The Société Santé en français is a national leader promoting an equitable access to health programs and services in French through its collaborative leadership.
Francophone and Acadian communities living in a minority setting are fully able to live healthily in French.
In order to support Francophone and Acadian communities through their efforts, SSF has developed a four-fold mandate:
As a bridge between the communities and governments, Société Santé en français is a dynamic national association whose goal is to promote the development of French-language health services for Francophone and Acadian minority communities in Canada. Société Santé en français is the link among 16 regional, provincial and territorial French Language Health Networks (FLHNs) working to bring together partners interested in improving access to French-language health care services in every province and territory where French is not the language of the majority of the population. The actions of SSF and the FLHNs is based on the concerted efforts of partners such as health care professionals, government authorities, managers of health care facilities, educational institutions and community organizations.
The delegates to the founding meeting adopted the Société’s articles and by-laws (available in French only). The decision-making structure of the Société Santé en français aims to provide representation for the five groups of partners that are essential to improving access to French-language health care services. Thus, the annual meeting of members consists of five representatives from each of the 16 provincial or territorial réseau members of the Société, which means one representative for each category of partner.
The Board of Directors also reflects that requirement (see section 4.2 of the Société’s by-laws). In order to fulfill its mandate, the Board of Directors struck a management committee, a governance committee, a finance and audit committee, and an evaluation and research committee.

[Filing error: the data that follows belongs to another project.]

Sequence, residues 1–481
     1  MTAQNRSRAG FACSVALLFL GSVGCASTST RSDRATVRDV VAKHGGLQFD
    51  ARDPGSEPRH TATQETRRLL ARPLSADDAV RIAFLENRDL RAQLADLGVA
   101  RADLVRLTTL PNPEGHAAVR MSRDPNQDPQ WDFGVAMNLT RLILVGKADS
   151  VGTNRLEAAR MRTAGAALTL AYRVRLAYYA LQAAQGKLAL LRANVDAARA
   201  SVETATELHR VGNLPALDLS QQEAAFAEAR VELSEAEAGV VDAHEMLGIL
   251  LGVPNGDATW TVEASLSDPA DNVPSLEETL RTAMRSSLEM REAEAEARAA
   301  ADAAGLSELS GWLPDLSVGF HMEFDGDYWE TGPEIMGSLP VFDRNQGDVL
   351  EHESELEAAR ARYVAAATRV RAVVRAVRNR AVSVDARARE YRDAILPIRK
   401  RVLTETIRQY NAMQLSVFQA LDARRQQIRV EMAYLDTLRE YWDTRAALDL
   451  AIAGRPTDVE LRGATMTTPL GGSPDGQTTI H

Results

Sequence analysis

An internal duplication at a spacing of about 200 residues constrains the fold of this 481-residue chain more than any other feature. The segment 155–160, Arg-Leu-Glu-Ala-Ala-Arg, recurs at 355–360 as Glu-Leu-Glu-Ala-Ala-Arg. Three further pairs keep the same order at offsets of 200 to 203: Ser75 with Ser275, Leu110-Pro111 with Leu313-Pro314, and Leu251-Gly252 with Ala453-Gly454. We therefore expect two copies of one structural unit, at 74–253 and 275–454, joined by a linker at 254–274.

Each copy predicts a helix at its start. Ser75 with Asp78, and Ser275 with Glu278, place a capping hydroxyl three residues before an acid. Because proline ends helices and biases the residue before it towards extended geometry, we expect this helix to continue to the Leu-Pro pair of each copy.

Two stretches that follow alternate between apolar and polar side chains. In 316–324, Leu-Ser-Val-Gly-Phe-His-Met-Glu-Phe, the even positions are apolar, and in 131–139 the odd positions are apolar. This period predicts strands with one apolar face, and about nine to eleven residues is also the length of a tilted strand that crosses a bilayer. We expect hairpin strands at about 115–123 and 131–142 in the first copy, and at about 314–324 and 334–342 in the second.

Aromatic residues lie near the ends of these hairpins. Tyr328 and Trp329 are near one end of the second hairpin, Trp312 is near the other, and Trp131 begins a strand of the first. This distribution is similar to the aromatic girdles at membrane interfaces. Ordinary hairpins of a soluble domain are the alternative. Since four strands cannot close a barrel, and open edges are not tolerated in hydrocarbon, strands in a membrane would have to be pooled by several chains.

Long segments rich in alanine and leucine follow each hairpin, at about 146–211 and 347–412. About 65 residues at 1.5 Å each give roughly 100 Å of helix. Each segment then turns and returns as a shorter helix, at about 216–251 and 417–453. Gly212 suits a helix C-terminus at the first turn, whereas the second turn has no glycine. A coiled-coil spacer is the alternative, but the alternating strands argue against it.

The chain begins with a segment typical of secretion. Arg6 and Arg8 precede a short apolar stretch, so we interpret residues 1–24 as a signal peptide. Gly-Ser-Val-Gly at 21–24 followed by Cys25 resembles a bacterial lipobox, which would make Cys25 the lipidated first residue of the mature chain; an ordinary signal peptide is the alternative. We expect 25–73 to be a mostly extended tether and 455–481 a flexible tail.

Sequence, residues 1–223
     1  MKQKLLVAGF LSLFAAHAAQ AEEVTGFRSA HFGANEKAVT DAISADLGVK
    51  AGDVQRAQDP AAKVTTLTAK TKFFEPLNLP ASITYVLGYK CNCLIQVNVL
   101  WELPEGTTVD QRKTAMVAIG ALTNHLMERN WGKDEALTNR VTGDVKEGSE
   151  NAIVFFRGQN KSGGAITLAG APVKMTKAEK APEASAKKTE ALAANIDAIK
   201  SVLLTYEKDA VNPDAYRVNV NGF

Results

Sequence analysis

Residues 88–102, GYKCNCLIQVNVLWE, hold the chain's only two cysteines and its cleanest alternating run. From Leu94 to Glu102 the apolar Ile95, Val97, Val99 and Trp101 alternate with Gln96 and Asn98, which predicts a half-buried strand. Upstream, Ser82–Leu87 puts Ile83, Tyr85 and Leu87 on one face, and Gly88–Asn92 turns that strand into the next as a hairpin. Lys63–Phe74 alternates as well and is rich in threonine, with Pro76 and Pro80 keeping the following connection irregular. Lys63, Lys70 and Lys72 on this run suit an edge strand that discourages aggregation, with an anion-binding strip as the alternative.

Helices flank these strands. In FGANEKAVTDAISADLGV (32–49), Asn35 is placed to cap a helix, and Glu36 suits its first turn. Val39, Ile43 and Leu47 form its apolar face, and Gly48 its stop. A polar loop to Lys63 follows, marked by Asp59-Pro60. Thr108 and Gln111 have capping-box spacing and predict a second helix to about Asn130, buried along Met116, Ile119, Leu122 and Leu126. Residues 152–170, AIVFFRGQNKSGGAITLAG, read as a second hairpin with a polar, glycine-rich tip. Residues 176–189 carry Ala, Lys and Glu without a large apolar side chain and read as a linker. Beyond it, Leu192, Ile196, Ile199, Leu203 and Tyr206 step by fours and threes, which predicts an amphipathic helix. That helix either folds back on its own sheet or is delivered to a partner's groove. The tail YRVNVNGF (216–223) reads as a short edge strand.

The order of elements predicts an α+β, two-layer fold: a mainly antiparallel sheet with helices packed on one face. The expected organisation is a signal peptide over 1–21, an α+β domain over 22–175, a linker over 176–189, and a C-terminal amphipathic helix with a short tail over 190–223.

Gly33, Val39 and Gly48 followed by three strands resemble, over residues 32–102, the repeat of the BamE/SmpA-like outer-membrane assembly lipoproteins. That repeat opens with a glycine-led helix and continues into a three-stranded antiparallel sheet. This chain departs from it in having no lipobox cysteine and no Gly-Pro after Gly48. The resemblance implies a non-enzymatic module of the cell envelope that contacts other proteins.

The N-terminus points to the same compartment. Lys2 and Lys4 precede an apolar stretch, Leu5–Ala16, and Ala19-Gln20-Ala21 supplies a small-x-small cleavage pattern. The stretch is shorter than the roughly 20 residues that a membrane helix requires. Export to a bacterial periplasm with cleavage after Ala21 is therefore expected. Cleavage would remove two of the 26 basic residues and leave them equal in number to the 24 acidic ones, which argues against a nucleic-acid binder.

In early 2000, a number of social, cultural, economic and political issues drove the issue of French-language health care services to the forefront. The federal Minister of Health at the time, the Honourable Allan Rock, set up an advisory committee on the needs of Francophone minority communities. In a report submitted to the Minister in September 2001, that committee proposed a strategy for improving French-language services for Francophones across the country. It revealed the rather striking fact that 55% of Francophones outside Quebec had little or no access to health care services in their language.
The committee then identified five levers of intervention: networking, service organization, training and recruitment of staff, new technologies and new research. The advisory committee then priorized three of those: networking, service organization, and training. Those three priorities made their way into the Action Plan for Official Languages made public by the federal government in March 2003. The Action Plan allocated $119 million over five years to the effort, making it a priority in the health care sector. That is the context in which SSF was created in December 2002. The founding meeting brought together more than 125 representatives from every part of the country and from every category of partner. The advisory committee handed over to the Société the task of coordinating the networking and service organization initiatives.